CHENNAI : Last week I decided to take on some much-needed spring cleaning in our home. Ok. I watched two episodes of ‘Tidying up with Marie Kondo’ on Netflix, and decided I needed to hold all the things we owned to see if they sparked ‘a sense of joy’ deep within. I am fascinated with the show and I won’t lie, watching how much ‘stuff’ other people have makes me feel smug and just a little bit superior. Not nice I know, but true.
So, I started off with the kids’ room. Or rather what was once the kids’ room but is now a shrine to Wimpy Kid, sporting equipment and lego prototypes of future spaceships that will one day save mankind. I was expecting a few productive hours of purging old projects, toys, trousers that skimmed the ankles (and not in a fashionable way) and books that the boys had outgrown. What I wasn’t expecting was to be reduced to a blubbering mess of tears and snot within minutes.
My boys had grown up. When did that happen?
As I looked through the pages of old picture books stained with spinach puree spit up and an old box of miniature dinosaurs that hadn’t been played with for God knows how long, it hit me that these were no longer things that a ten-year-old and seven-year-old needed. That the things I had kept because ‘they might want to read that again’ or ‘they might have another Hot Wheels phase’ were things I knew deep down inside they’d never look at again.
As I held each book and toy, I will admit that while all of them didn’t spark joy, they did spark a deep wave of longing and some sadness. Uncomfortable questions arose. Had I been too busy with work these past few years? Had I missed out on important moments and conversations with them? Had I been too impatient and short? Too busy trying to maintain order and control? Guilt-ridden questions that serve no one.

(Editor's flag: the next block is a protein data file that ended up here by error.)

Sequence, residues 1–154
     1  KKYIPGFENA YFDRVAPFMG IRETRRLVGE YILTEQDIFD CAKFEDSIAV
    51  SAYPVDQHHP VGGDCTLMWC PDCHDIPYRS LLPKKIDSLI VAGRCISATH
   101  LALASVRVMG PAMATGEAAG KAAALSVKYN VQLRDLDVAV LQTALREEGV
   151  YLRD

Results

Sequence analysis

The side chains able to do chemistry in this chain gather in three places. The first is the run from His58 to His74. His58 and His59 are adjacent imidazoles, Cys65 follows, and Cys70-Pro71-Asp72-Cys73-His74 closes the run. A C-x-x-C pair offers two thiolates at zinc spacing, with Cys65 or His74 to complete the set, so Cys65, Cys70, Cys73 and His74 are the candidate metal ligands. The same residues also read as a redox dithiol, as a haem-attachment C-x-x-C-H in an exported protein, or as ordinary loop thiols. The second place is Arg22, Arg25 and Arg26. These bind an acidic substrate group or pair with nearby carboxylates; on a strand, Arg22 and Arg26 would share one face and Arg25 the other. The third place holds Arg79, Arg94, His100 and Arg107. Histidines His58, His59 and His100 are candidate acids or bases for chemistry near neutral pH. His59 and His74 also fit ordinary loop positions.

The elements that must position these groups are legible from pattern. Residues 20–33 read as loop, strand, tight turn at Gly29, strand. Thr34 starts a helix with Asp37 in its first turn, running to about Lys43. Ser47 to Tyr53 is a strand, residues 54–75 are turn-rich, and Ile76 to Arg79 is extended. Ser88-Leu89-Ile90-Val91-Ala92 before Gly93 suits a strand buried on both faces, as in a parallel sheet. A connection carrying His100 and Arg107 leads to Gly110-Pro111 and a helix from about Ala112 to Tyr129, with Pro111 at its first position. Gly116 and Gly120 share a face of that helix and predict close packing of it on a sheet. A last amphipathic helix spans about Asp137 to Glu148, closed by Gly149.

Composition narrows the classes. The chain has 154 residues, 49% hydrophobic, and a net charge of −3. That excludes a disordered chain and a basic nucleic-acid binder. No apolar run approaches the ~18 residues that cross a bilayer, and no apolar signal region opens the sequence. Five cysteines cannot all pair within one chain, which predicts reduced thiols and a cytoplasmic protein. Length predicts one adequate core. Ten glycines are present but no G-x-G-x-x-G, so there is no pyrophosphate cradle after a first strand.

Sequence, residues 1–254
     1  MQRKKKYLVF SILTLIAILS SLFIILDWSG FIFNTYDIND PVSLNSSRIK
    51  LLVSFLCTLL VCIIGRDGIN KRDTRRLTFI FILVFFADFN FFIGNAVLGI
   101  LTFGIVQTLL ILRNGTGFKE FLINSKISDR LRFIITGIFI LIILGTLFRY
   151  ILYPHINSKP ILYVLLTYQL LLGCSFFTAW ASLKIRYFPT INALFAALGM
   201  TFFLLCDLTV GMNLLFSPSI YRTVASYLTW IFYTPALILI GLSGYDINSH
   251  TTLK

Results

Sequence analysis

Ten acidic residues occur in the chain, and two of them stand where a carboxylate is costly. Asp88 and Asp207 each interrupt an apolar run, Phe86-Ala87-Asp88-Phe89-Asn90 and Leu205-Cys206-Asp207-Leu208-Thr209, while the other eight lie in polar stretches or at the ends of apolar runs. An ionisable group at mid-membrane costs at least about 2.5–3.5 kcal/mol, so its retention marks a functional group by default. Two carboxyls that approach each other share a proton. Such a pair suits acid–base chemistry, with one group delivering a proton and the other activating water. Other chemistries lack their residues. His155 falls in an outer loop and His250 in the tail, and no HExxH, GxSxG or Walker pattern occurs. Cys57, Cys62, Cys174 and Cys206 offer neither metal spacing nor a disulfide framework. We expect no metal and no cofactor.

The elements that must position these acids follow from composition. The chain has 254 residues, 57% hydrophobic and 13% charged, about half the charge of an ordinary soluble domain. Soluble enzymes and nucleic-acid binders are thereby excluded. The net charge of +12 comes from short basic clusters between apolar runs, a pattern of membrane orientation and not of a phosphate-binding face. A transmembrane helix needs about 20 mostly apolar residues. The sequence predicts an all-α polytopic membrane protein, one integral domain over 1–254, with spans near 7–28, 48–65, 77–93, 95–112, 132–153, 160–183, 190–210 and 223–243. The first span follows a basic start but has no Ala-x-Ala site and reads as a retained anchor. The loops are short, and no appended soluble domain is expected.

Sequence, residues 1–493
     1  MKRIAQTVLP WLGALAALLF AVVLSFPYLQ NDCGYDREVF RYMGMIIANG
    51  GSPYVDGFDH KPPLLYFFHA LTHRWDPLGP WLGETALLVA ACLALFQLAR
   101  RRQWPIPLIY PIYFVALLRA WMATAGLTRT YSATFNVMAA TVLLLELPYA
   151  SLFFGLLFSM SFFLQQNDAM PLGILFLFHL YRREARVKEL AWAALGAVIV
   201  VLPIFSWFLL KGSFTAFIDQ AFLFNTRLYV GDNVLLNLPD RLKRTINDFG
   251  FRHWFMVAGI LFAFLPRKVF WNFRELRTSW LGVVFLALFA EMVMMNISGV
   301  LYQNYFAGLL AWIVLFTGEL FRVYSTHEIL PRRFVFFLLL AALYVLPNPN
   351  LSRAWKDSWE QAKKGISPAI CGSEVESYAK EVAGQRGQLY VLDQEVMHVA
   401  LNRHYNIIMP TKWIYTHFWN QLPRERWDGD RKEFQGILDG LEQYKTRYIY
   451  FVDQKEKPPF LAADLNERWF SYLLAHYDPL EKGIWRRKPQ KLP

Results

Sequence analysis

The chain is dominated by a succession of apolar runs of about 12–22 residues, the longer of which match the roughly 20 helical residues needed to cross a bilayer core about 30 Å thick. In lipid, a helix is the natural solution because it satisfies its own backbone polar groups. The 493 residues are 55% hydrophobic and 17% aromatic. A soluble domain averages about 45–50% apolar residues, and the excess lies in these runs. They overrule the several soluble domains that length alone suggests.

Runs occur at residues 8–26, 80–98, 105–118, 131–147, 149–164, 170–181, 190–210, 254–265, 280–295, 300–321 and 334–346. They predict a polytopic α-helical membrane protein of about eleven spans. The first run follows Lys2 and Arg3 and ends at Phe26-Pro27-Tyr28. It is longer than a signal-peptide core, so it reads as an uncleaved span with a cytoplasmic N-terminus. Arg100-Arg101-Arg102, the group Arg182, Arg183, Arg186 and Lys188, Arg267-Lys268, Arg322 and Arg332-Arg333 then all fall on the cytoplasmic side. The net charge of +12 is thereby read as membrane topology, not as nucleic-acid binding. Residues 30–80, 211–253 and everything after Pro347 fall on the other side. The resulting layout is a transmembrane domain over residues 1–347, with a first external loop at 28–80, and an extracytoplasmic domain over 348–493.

I didn’t want to give these books and toys and clothes away. To do so would be to admit that the boys had grown up and would no longer ask me to read Goodnight Moon ‘one more time’. But, to keep them did not make sense either. After all, I didn’t want to turn into one of the people on the show who would one day have 150 trash bags filled with ‘stuff’ they no longer needed. After the first few heart-wrenching discards, it became easier, and declutter I did.
While there are many things I miss about having small babies, there are some wonderful things about having ‘big’ kids too. Bad jokes. Long conversations. Phone calls when I’m running late to get home saying ‘don’t worry, I walked the dog. Take your time.’
We gave away a modest three bags of books, two bags of clothes and two boxes of toys. There is less to clean up and put away in their room. More time to ‘be present’. Ok. Who am I kidding? More time to yell. More time to lecture. More time to find a new Goodnight Moon.
Here’s a less-cluttered 2019!